What does your bank aim to achieve with SME loans? Have SME loans been profitable for your organisation? How big is your SME loan portfolio at present?
EBL's aim is to be one of the market drivers in SME lending with competitive product solutions for customers. In doing so, we have taken a few good steps to enhance our current SME products basket. From working capital to fixed asset finance we have a custom based product nature.
The maximum portion of our SME portfolio is based on collateral-free loans, keeping in mind that SMEs do have difficulties in providing collateral. We believe unsecured access to finance is important for them and it is more impactful for helping their business to grow. Yes, of course we are also profitable here and due to a different refinance scheme from Bangladesh Bank, it is getting easier for us to choose SMEs as a potential segment for business. Our current SME portfolio is roughly over Tk3,500 crore.
What businesses in the SME sector have good potential for growth?
Though the major percentage of the SME portfolio is in the trading sector in line with the country's concentration on trading business, recently EBL is focusing more on manufacturing business and the businesses which are related to the backward and forward linkage manufacturing industries. There are so many small concerns growing up to supply different types of garment accessories, raw materials, semi-finished goods and finished goods.
We are focusing on those through capacity enhancement, supporting working capital, and bill discounting. Fleet financing is a new way of smoothing the delivery system of a business and EBL is doing an extraordinary job in this segment.
How would you say SME banking is different from traditional corporate banking?
There is a big difference: SME customers are not well structured in our country. Fund diversion has a big change in this segment which leads them to default at the end. Our SME relationship managers (RMs) have to guide and monitor them very closely so that the customer remains on the proper track.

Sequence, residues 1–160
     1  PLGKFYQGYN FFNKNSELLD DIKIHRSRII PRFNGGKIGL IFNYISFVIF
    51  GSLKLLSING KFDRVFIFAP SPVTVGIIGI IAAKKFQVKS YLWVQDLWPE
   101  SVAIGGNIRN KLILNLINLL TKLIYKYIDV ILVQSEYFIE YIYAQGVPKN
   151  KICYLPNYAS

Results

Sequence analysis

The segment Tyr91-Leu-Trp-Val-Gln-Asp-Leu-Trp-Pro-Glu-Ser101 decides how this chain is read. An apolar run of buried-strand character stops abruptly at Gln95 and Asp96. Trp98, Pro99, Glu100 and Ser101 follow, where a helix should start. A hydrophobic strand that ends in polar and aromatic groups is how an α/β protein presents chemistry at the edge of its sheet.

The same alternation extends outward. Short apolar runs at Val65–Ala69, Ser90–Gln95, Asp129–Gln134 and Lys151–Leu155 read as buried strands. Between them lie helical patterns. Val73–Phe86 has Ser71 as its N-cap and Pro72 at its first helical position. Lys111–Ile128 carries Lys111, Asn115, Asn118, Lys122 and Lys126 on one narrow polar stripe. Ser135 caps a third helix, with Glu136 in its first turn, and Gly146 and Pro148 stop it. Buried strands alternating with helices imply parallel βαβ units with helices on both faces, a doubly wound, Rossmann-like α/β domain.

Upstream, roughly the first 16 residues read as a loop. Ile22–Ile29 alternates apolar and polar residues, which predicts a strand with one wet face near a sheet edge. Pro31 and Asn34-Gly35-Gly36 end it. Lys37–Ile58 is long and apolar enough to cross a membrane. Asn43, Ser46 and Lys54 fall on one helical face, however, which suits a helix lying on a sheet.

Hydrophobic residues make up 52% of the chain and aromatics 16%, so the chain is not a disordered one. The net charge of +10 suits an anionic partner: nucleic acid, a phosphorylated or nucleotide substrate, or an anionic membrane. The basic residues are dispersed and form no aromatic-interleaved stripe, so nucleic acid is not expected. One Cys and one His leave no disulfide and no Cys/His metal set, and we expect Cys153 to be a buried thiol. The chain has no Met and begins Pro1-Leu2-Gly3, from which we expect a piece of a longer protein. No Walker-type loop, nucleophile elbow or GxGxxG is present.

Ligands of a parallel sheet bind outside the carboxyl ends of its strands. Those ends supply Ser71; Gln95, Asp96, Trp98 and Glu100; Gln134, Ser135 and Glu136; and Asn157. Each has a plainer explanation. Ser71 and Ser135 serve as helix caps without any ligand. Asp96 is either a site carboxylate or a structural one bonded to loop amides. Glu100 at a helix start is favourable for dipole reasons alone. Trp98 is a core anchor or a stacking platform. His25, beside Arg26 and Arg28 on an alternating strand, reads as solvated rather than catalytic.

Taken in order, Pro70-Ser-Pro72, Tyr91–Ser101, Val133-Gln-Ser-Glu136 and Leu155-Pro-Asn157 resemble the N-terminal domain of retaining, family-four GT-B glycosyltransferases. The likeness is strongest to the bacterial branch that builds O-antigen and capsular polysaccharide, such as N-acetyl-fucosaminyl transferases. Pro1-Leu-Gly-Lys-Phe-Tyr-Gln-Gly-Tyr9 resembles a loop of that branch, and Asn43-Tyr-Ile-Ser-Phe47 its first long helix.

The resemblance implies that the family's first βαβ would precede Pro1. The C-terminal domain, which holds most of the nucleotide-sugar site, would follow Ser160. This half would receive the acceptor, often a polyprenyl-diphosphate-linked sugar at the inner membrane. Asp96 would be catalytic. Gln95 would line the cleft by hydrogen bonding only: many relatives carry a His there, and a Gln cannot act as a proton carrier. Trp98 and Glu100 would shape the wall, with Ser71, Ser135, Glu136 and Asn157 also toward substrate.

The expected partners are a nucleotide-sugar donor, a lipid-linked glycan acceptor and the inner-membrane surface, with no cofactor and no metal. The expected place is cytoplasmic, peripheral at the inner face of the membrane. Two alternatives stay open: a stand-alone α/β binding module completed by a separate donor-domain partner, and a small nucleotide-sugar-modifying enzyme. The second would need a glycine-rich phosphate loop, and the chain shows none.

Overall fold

We have trained the RMs to be the financial advisor of the customer which will reduce the chance of default. To find out the customer's actual need, we always closely study them, which is usually not required in corporate banking. We require developing different types of products from time to time based on the business type and fund needs. Good part of the SME sector is the risk diversification as we finance more customers along with a diversified industry than a big volume to a single customer.
What are the typical banking products and services offered specifically for SMEs? How many SME loan products does your bank offer? In your opinion, which financial products are most crucial for SMEs, and why?
Most of the financial institutions offer mortgage free finance where the loan limit is not big. This practice is giving a mixed experience to a customer; some are doing well and some are not. The main reason is the mismatch between the fund needs and the sanction amount. Over finance and under finance, both are bad for the customer. In most of the cases mortgage free loans are not properly investigated of the actual purpose therefore under finance has a chance to occur and the customer fails to generate the right outcome using the fund.
EBL has developed numerous SME products based on the customer needs and type. Currently we have developed more than 15 custom SME products which we offer to the customer as per their needs. Sometimes we offer bundle products to cater the customer rightfully. These products are mortgage free and mortgage base. Term loan on purpose based is very much crucial for the SME customer.